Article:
Dec 102017
 

Back in 2011 I finally got fed up with Firefox. It was slow, crashing every few moments, and often it would hang. Suffice to say, I was not a happy camper. I tried Chrome, fell in love, and haven’t looked back.

Fast forward to 2017. Up to a few days ago I had a déjà vu feeling. Chrome was getting slow, it crashed daily, and it would hang often – especially on YouTube. The only difference being was difficulty of killing Chrome as it consists of multiple processes and some of them cannot be easily killed.

I did entertain idea of Edge for a day just to find it is still a piece of crap, less capable than even Internet Explorer, and incapable of properly handling shortcut toolbar editing. I also though of Safari for a moment but decided against it purely based on dislike of version I installed three years ago.

At the end I gave Firefox a try and now, month later, I am still using it.

Move itself was uneventful and definitively not a big jump. Interface is similar enough to Chrome to a point I mostly don’t even notice I switched – the only minor annoyance is having all downloaded files under menu. It is a bit lower on memory but not much. Not sure it is faster. Bookmark sync works flawlessly.

But the biggest benefit is that it is rock solid. It is essentially what Chrome was for me a year ago. Shows web pages and doesn’t get in the way. Knowing history, I won’t stay with Firefox forever. But I’ll enjoy it for now in hope Chrome will fix their code before Firefox spoils theirs.

Dec 052017
 

Most of the time I access my home NAS via samba shares. For increased security and performance I force it to use SMB v3 protocol. And therein lies the issue.

Whenever I tried to access my NAS from Linux Mint machine using Caja browser, I would get the same error: “Failed to mount Windows share: Connection timed out.” And it wasn’t connectivity issues as everything would work if I dropped my NAS to SMB v2. And it wasn’t unsupported feature either as Linux supports SMB3 for a while now.

It was just a case of a bit unfortunate default configuration. Albeit man pages tell client max protocol is SMB3, something simply doesn’t click. However, if one manually specifies only SMB3 is to be used, everything starts magically working.

Configuring it is easy; in /etc/samba/smb.conf, within [global], one needs to add

client min protocol = SMB3
client max protocol = SMB3

Alternatively, this can also be done with the following one-liner:

$ sudo sed -i "/\\[global\\]/a client min protocol = SMB3\nclient max protocol = SMB3" /etc/samba/smb.conf

Once these settings are in, share is accessible.

Nov 302017
 

Upon getting Linux Mint installed, I went ahead with installing Private Internet Access VPN client. All the same motions as usually albeit now with slightly different result – it wouldn’t connect.

Looking at logs ($HOME/.pia_manager/log/openvpn.log) just gave cryptic operation not permitted and no such device errors:

SIOCSIFADDR: Operation not permitted
: ERROR while getting interface flags: No such device
SIOCSIFDSTADDR: Operation not permitted

Quick search on internet brought me to Linux Mint forum where exactly the same problem was described. And familiarity didn’t stop there; author had one other similarity – encrypted home folder – the root cause of the whole problem. Sounded like a perfect fit so I killed PIA client and went with his procedure:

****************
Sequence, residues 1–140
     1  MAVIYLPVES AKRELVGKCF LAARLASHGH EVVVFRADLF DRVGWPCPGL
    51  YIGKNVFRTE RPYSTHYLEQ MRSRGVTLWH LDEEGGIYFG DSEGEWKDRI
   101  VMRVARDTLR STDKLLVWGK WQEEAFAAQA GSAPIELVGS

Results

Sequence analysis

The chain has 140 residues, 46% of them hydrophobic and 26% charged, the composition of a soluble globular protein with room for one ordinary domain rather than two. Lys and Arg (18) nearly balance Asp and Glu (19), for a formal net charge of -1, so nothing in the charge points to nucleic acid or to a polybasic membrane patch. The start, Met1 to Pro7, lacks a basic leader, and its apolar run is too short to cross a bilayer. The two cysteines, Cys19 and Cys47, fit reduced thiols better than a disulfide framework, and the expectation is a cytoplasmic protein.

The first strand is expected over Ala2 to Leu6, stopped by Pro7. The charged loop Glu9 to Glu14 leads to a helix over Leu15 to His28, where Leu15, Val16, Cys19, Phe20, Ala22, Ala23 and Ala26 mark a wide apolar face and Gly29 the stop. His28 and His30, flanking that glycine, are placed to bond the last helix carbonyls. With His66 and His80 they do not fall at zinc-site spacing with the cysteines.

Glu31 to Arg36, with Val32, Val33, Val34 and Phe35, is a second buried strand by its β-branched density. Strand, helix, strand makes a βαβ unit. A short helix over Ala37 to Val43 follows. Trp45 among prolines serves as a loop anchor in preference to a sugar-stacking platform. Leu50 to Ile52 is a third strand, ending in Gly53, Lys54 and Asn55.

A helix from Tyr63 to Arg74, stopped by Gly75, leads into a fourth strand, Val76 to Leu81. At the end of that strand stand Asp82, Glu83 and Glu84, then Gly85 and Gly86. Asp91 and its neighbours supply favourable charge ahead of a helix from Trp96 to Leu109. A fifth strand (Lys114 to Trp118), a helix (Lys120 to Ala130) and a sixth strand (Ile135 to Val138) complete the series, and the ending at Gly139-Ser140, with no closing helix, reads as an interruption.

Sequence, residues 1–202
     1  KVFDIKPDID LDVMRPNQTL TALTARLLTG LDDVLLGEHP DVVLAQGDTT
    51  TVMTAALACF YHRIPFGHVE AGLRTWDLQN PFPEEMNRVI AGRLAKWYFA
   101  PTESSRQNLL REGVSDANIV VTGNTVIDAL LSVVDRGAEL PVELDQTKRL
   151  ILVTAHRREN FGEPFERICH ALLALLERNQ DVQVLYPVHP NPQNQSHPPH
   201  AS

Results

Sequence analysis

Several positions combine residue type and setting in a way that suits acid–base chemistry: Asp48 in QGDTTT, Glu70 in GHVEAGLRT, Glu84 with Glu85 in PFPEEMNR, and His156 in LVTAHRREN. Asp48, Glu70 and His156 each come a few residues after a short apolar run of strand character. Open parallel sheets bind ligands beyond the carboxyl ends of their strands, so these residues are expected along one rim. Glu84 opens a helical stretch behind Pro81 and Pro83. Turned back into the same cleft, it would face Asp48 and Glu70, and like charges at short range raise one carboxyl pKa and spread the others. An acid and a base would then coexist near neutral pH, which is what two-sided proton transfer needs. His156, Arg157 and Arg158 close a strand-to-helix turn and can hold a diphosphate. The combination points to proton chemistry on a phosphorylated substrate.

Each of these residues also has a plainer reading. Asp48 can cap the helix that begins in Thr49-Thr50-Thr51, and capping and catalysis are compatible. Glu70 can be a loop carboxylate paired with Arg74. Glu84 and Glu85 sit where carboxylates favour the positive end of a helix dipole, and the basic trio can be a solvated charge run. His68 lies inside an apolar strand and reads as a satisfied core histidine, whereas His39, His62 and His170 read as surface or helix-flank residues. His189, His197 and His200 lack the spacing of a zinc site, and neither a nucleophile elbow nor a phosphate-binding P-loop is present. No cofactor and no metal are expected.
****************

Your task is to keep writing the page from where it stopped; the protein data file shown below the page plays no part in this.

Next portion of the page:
# sudo mkdir /home/pia
# sudo chown -R $USER:$USER /home/pia
# mv ~/.pia_manager /home/pia/.pia_manager
# ln -s /home/pia/.pia_manager ~/.pia_manager

However, this didn’t help. Still the same issue in my log files.

So I decided to go with nuclear option. First I killed PIA client (again) and removed PIA completely together with all my modifications:

# rm ~/.pia_manager
# rm -R /home/pia
# sudo rm ~/.local/share/applications/pia_manager.desktop

With all perfectly clean, I decided to start with fresh directory structure, essentially the same as in the original solution:

# sudo mkdir -p /home/pia/.pia_manager
# sudo chown -R $USER:$USER /home/pia
# ln -s /home/pia/.pia_manager ~/.pia_manager

Than I repeated installation of PIA client:

# cd ~/Downloads
# tar -xzf pia-v72-installer-linux.tar.gz
# ./pia-v72-installer-linux.sh

And it worked! :)

Nov 252017
 

When you install Linux Mint, you cannot simply have only root user. Nope – you cannot even login as root. Annoying as it is, there are valid security reasons for this restriction. However, sometime you just need temporary installation with root user, and all security be damned. For those times, here is the guide how to enable root user on Mint 18.2 (Sonya).

Assuming you went through the standard installation and are logged in as standard user, the first step is to assign password to the root:

# sudo passwd root
[sudo] password for test: 
Enter new UNIX password: 
Retype new UNIX password: 
passwd: password updated successfully

Next you need profile file. The easiest approach is to steal it from the current user:

# sudo cp $HOME/.profile /root/.profile

Lastly, enable user name prompt and reboot:

# echo "[SeatDefaults]" | sudo tee /etc/lightdm/lightdm.conf

# echo "greeter-show-manual-login=true" | sudo tee -a /etc/lightdm/lightdm.conf

# sudo reboot

After the system starts again, there will be login entry and we can use our root credentials to get in.

Of course, we can bring this madness even further. Now that we are using root, we can delete our non-priviledged user:

# userdel user

# rm -R /home/user

Further more, for real crazies :), we can automatically boot into root:

# echo "autologin-user=root" >> /etc/lightdm/lightdm.conf

Unfortunately, this all doesn’t come without the cost – and not only in security. At this time there is a bug in Caja preventing desktop icon to be shown. As far as I can tell, these are the only usability consequences of the trip to the wild side.